News / Middle East

Bahrain Arrests 29 Ahead of Protests Anniversary

FILE - An anti-government protester holds a sign reading "It Is Impossible For The Bahraini People To Give up On Democracy" as he shouts anti-government slogans during a rally in the village of Bilad al-Qadeem south of Manama, Feb. 11, 2014.
FILE - An anti-government protester holds a sign reading "It Is Impossible For The Bahraini People To Give up On Democracy" as he shouts anti-government slogans during a rally in the village of Bilad al-Qadeem south of Manama, Feb. 11, 2014.
Reuters
Bahrain said on Thursday it had arrested 29 people for rioting and vandalism in several villages, the day before the third anniversary of mass protests which could spark more street unrest.
 
Sunni Muslim-ruled Bahrain has been shaken by frequent demonstrations and clashes since mostly Shi'ite Muslim demonstrators took to the streets in February 2011 to call for greater democracy.
 
On Thursday, people burned a car, tried to block traffic and prevented people from going about their daily life, the kingdom's state news agency said, citing the Interior Ministry. They also tried to stop a school bus and tried to close schools, it added.
 
The ministry said it would take action in response to calls to hold rallies and marches, and had stepped up police patrols. Bahrain's main opposition group Al-Wefaq has called for demonstrations to mark the anniversary.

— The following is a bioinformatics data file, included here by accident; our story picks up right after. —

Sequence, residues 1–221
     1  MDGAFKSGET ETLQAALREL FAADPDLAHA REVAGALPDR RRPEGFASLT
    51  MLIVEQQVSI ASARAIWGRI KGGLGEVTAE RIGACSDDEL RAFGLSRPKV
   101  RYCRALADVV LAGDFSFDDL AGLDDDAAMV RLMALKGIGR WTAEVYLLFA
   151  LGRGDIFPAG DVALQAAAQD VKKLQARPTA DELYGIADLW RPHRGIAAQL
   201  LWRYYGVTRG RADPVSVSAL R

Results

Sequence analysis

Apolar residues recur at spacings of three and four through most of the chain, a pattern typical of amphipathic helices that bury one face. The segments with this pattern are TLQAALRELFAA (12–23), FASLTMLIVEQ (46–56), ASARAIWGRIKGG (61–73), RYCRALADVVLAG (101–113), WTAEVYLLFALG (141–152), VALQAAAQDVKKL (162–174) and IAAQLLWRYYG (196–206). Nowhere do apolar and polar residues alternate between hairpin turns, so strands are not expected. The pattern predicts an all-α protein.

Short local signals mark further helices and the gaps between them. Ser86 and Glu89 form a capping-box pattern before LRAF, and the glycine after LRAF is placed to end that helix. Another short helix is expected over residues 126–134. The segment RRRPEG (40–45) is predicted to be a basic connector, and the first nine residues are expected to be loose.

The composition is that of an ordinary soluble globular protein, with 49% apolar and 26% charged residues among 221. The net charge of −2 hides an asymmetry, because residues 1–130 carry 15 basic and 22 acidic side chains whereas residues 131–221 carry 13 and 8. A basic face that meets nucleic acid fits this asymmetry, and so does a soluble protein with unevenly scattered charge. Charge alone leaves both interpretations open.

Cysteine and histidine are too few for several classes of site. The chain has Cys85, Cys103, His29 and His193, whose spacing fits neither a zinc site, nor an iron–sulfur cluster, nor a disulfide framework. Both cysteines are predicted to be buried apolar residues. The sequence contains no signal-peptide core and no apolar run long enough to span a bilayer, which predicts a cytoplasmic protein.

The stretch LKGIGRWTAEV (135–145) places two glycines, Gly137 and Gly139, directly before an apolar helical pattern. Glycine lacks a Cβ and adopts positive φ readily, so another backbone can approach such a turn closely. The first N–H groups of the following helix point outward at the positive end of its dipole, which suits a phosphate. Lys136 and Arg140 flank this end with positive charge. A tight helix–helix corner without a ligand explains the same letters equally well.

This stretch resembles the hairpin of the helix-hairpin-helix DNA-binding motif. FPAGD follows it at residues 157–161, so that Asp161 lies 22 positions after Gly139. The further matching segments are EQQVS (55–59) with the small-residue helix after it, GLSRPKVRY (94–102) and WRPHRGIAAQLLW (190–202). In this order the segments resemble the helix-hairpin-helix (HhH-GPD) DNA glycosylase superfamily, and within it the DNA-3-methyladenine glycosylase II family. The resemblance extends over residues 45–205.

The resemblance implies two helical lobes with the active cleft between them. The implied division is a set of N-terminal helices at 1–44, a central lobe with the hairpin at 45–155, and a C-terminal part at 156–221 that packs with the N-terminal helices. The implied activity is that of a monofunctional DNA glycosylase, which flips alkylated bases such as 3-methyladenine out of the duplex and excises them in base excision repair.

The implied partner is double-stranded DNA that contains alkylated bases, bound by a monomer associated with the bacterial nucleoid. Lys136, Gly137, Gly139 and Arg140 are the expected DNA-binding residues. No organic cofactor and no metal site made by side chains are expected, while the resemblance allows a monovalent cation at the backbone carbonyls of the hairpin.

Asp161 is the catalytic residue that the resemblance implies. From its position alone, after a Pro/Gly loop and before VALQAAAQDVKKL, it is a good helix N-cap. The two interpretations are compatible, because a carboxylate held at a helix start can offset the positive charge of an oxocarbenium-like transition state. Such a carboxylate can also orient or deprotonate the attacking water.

The Gulf Arab island is a U.S. ally and has long provided a base for the U.S. Navy's Fifth Fleet.
 
Stalled reconciliation talks between the ruling family and the Shi'ite opposition were recently revived after the intervention of Crown Prince Salman bin Hamad al-Khalifa, seen as a relative moderate in the royal family.
 
However, mistrust between the opposition and the Saudi-backed al-Khalifa family remains high three years after the authorities subdued the first wave of protests.
 
Demonstrators still frequently clash with police in Bahrain, which is caught up in a regional power struggle between Shi'ite power Iran and Sunni heavyweight Saudi Arabia.
 
On Thursday, Bahrain's Foreign Ministry condemned “irresponsible statements” by a spokeswoman for Iran's Foreign Ministry which it said was interfering in Bahrain's internal affairs.